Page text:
Parvovirus in Puppies — What You Need to Know
What is parvo?
Canine parvovirus (CPV), aka parvo, is a highly contagious and potentially deadly virus that can affect all dogs. Parvo is most common in unvaccinated dogs ages 6 weeks to less than 1 year old. There are two forms of Parvo — an intestinal and a cardiac.
The intestinal form of parvo is by far the most common form. Intestinal parvo severely lowers the dog’s ability to absorb nutrients. Infected dogs quickly become dehydrated and weak from a lack of protein absorption. The classic clinical signs of this form include lethargy, vomiting, anorexia/not wanting to eat, and bloody diarrhea. You may also notice your puppy having pale gums, a low temperature or a painful belly.
The cardiac form targets and destroys the heart muscle. Unfortunately, this form of CPV usually leads to a sudden death or death after an episode of difficulty breathing as a result of fluid accumulation in the lungs. You may or may not see the clinical signs of the intestinal form. Thankfully, this type of CPV is extremely rare thanks to diligent vaccination of breeding dogs.
Spread of CPV
Dogs get and spread this virus via direct dog-dog contact. They can also get the virus by coming into contact from contaminated feces, environments (kennel, bowls, leashes, collars, clothing), or people (infected clothing, hands, bottom of shoes). Unfortunately, it takes a small amount of infected feces for a dog to become infected with parvo. The virus is heat and cold resistant and can survive up to 5 years indoors or 1 year outdoors.
Young puppies are specifically prone to getting this virus due to the fact that their own immune systems may not yet be fully developed to fight off an infection by the time the immunity provided by their mother’s milk wears off.
I think my dog has parvo, what do I do?
If your dog has any of the above clinical signs, most notably lethargy, vomiting, bloody diarrhea or not eating, please see a veterinarian ASAP! Even before any testing is done, a history with these signs and the patient being a young dog/puppy will make a veterinarian think CPV!
What should I expect at the vet?
The first thing your veterinary hospital will do is run a parvo test that takes about 5 minutes and can be done at the hospital. It is a quick and easy way to get an answer but can get false negatives, meaning the parvo test is negative but the patient actually has the virus. Even if the test is negative but the patient is showing classic clinical signs, parvovirus is still highly suspected.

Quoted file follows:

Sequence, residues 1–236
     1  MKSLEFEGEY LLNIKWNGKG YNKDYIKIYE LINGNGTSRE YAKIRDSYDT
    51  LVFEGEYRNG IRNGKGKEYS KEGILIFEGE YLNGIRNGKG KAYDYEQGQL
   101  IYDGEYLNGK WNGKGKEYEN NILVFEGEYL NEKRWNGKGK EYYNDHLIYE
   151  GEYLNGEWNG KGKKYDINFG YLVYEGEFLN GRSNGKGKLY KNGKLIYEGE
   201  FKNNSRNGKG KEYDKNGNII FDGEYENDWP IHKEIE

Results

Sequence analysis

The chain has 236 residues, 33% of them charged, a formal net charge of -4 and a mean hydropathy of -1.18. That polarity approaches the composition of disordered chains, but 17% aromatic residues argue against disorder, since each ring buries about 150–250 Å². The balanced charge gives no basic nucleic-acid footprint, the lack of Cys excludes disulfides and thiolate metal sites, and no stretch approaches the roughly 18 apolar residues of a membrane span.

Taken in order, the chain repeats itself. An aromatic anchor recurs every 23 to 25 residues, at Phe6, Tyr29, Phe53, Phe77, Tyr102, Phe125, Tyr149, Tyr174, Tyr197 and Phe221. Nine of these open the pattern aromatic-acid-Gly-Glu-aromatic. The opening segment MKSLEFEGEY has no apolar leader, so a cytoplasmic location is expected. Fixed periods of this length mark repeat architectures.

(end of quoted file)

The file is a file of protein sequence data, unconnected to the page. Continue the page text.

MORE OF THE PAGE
Your vet will likely want to run several blood tests. This is to see your pup’s white blood cell count, glucose/blood sugar level, lactate to measure perfusion and electrolyte values. Unfortunately, since CPV can be a fatal virus, your veterinarian will have a serious conversation with you about treatment options. Most deaths from parvovirus occur within the first 2–3 days after clinical signs begin. The mortality rate of dogs with parvo that receives no treatment is an astounding 91%, versus those that are hospitalized is about 10–25%. If your puppy is showing clinical signs, hospitalization will be strongly recommended. Hospitalization helps to stabilize and provide appropriate supportive care.
Hospitalizing a parvo patient at an emergency hospital is typically about $2,000–3,000 for the first day. Patients may require hospitalization for 3–5 days depending on how sick they are. The reason this cost is so high is not that your veterinarian is trying to rip you off, but because your puppy is extremely sick and requires intensive care. This means your puppy will be put in an isolation ward to make sure the virus is not transmitted to other hospitalized patients, nurses or doctors. Your puppy will also have an IV catheter put in to receive fluids. They will be given anti-nausea medications, pain medication, potentially antibiotics, and have blood tests performed to determine the severity of illness. A naso-gastric tube may be placed in your puppy to provide nutritional support.
If hospitalization is not financially possible, there is an outpatient protocol. It is very important to know it has a much higher mortality rate than hospitalization. The outpatient protocol will include learning how to give fluids and anti-nausea medications under the skin, checking the temperature, and giving oral medications. It should also include daily returns to the veterinary clinic to check electrolytes and blood glucose levels.
How to prevent CPV
The key to preventing Parvo is vaccination and keeping your puppy away from public areas until they are fully vaccinated. This means that your puppy needs to receive all 3 sets of puppy vaccines 2 weeks apart. Adult dogs should receive a yearly booster or have titers performed to ensure adequate protection. If your puppy is not yet fully vaccinated, keep them away from dog parks, puppy classes, doggy daycare, kennels, groomers, parks or pet shops. All training programs should try to reduce exposure of disease by requiring vaccinations, veterinary visits, and isolation of sick animals. Please avoid contact with infected dogs or dogs of unknown vaccine history.
Unfortunately, despite doing everything right, your puppy or dog still may acquire CPV. A small percentage of dogs that receive all 3 sets of vaccines do not develop a protective immunity and can remain susceptible to infection.